How To Use Twitter As A Job Search Tool

When I suggest using Twitter as a job search tool, I often get blank stares and responses such as, “Twitter, really? I’m not into the whole tweeting thing.” The good news is you don’t have to be. You can be an observant follower and still reap many benefits. Twitter gives you free information about people, organizations, and job listings.


Start To Follow People And Organizations

Following someone on Twitter simply means receiving their posts which are called “tweets.” Every time the person posts a new message, it appears on your home page in real time. To start the process, use the search function to find people or organizations you want to follow. Once you find them, click on the follow button and you will begin instantly receiving their updates. The best part about Twitter is that you don’t need to get the person’s permission. Anyone on Twitter can follow any person or organization.

Who Do You Follow?

Begin by following organizations you are interested in pursuing. Next, follow employees in your target companies. The information you will receive will be valuable in helping you research the culture and mission of an organization.

Job Listings

An easy way to search for openings is to use the hash tag sign or what some people refer to as the pound sign which is the # symbol. The hash tag is Twitter’s filing system. For example, if you search #Seattle and #jobs, you will find tweets for openings in Seattle.

Start Now

Take your first step of setting up your free account. Go to www.twitter.com and click on the “Sign up now” button. Within minutes you will have access to information that might just help you land your dream job. Photo Credit: Shutterstock

When most people think of Nike, they think of shoes, retail stores, and, of course, athletes. That's all true, but there's more. Behind Nike's walls, you'll find the doers and thinkers who design, create, and innovate every day. There are also data scientists who discover and leverage athlete insights to create the future of sport.

You might be surprised to learn about the impact you can have in Data & Analytics at Nike versus at a major tech giant. Nike employees get to work on a wide array of challenges, so if you're obsessed with math, science, computers, and/or data, and you love sport, these stories may inspire you to work at Nike.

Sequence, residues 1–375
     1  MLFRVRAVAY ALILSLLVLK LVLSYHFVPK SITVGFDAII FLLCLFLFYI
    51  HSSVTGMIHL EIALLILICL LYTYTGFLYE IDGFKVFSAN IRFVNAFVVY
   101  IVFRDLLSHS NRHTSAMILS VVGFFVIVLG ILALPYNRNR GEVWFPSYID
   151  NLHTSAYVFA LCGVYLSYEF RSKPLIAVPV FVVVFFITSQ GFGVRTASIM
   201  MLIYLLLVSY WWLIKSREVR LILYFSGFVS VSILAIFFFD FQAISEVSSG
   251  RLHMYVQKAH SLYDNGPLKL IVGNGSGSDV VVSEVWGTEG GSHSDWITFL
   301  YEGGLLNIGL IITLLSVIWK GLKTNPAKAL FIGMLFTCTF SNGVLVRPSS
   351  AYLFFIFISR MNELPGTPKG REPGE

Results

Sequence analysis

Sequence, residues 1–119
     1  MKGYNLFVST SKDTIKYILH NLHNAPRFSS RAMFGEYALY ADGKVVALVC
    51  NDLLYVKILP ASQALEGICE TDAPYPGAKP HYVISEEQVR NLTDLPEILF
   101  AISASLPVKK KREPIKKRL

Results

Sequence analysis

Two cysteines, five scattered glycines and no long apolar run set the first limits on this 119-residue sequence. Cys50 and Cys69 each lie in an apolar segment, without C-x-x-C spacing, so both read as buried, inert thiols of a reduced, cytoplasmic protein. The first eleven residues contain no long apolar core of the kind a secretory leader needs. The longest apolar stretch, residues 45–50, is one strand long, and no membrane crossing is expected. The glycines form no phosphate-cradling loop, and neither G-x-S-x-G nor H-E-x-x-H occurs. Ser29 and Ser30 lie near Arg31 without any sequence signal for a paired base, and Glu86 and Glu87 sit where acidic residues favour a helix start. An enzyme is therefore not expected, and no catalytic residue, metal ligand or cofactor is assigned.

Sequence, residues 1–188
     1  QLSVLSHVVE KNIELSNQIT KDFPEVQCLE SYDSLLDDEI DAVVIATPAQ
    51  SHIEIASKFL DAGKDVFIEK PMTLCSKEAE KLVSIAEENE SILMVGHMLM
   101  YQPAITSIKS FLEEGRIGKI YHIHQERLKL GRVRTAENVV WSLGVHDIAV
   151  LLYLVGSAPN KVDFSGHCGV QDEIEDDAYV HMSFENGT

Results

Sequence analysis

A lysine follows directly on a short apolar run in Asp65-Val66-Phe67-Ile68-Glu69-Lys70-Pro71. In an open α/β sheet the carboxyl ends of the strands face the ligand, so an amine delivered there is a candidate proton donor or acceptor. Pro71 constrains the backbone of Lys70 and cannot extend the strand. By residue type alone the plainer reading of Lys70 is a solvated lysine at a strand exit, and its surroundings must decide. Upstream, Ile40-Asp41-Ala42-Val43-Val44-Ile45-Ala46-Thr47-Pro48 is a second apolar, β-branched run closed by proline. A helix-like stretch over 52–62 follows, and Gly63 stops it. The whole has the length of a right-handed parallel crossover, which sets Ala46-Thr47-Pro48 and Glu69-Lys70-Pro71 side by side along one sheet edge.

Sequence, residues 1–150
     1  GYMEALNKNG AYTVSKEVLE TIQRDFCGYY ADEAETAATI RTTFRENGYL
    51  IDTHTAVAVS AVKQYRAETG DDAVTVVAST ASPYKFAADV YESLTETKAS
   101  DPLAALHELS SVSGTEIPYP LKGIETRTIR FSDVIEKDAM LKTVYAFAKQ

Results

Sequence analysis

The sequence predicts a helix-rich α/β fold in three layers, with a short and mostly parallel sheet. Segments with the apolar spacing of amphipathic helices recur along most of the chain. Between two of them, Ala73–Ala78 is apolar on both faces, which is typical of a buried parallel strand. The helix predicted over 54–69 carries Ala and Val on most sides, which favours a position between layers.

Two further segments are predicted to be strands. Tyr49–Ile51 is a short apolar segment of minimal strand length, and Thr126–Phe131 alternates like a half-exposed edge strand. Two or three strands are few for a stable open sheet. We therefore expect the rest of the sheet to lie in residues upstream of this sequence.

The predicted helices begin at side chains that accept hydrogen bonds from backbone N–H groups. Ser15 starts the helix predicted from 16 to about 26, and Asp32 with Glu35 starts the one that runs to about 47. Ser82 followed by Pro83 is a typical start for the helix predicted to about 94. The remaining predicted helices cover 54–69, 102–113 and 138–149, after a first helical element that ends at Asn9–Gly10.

SHOW MORE Show less

Employee loyalty is something every company longs for. It's estimated employee turnover costs as much as 130-200% of an employee's salary. When a talented, knowledgeable, trained employee leaves, it's bad for business. And, when lots of them leave, it can be the kiss of death.

SHOW MORE Show less

If you saw our first video, you might have heard about the interview situation one of our viewers, Remi submitted. He was in an interview and was asked the question: How many cows are there in Canada right now? - What a weird question but this is a technique that some hiring managers are using these days.

SHOW MORE Show less

If you saw our first video, you might have heard about the awkward situation one of our viewers, Kevin submitted. He is a college student who's working a part time job to make ends meet. The manager/owner of the company has become a micro-manager who watches him work on camera and reads his company emails. A bit over the top wouldn't you say?

SHOW MORE Show less

All work and no play can create a tense and unwelcoming environment. Studies have shown that employers that offer additional perks have employees that are happier and more loyal to their place of employment. If you are looking for an employer that acknowledges how important it is to give its employees a place to de-stress and bond with their co-workers, check out these companies!

SHOW MORE Show less

In this week's episode of "Well This Happened", we want to know what you would do if you worked for an owner who micro-manages you my watching you work on camera and reading through your company emails.

We want YOU to be the career coach and tell us which one is the RIGHT answer!

Think you know? Vote below, and stay tuned for later this week when we announce the right answer (and why the other ones are wrong).

SHOW MORE Show less